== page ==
Victoria square is in central Athens and is connected by Metro to the port of Piraeus where refugees arrive daily after they have been screened and recorded in the various Aegean islands. The square is a resting, meeting and travel connection point for Afghan refugee families who wish to reach Northern Europe. Extended families of often twenty people, of three generations camp in the square during the day. Most of them are waiting for money transfers from relatives back home and around the world in order to continue their journeys. When money does not arrive, they spend the night in one of the makeshift camps in Athens and return back to the square the next day.
Zarmina is eighteen years old. She is sitting on a blanket on the pavement holding her three month old baby girl, her first child. She is travelling with her husband, her sister in law and her five nieces and nephews. The baby girl is suffering from severe nappy-rash. Zarmina is scared because her baby is constantly crying and seems unwilling to eat.
Chargul is travelling with his wife, his mother and their six children. The youngest is two years old. He is telling be about his journey from the area of Kunduz, through to Iran, Turkey and then Greece. Passing through Iran is apparently the toughest part of the journey. He does not know where exactly he arrived in Greece. He is telling me about the Taliban and how he had to flee from Kunduz. He is showing me his sons and daughters. He would like them to go to school, to learn things, to be educated. Like most other Afghans I have interviewed in the square he wants to go to Germany.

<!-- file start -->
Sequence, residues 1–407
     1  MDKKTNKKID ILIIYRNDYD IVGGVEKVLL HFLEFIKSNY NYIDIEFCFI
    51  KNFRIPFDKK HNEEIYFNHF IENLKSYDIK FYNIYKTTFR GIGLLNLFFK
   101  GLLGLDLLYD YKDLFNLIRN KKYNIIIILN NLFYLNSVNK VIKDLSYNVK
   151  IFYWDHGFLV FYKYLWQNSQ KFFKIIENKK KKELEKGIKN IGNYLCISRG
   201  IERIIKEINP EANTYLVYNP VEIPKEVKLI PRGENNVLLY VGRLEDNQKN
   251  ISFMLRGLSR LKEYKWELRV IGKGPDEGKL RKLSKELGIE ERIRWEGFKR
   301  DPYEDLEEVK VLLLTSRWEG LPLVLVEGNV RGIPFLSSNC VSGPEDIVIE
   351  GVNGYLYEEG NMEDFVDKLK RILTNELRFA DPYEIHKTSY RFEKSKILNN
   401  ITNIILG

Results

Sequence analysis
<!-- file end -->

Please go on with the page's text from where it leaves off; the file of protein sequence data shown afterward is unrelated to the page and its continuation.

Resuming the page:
Most refugees in the square have a final destination in mind. Most of the times, this destination is chosen on the basis of relatives and acquaintances who are already established in various European cities. All of them report having one or more relatives killed in Afghanistan where terror and violence continue to form the context of everyday life.
Changiz is eighteen years old – or so he says. He is travelling with is younger brother. Their family sent them away after loosing two more boys to the Taliban. He is telling me how the militia demand from local people money and young men to join their forces. Changiz and his brother are definitely a family but they do not receive as much attention as women and children. Very young men are often the most unprotected and vulnerable transitory subjects.
The conditions of hygiene in the square are despicable. Humanitarian NGOs offer a space to take a bath and lunch. Although crucial, these relief measures are hardly enough. Local people keep bringing clothes, food, biscuits and sweets for the children but the waiters and owners of the local cafes forbid the refugees from using their facilities and constantly complain to the police about the ‘damage to their businesses’.
Journalists come everyday in the square. They take photos and short interviews. Afghans –who have arrived several years ago to Greece and have established shops around the square- sell bus tickets and facilitate money transfers (with a fee). Around three o’clock every afternoon, those who managed to buy a ticket walk to Acharnon street where the buses pick them up for a long, over eight hours journey to the border. On their way to the bus Farshid and his wife enter the pharamacy across the street from the square. Their three year old son –one of four children- is feverish. The pharmacist hands them out an ibuprophen-based syrup for children. She is trying to persuade them to take the child to a doctor before they leave Athens. “We cannot” says Farshid. “We have been hearing that the borders might close. We cannot risk it. We have to board the bus today. While we still can”.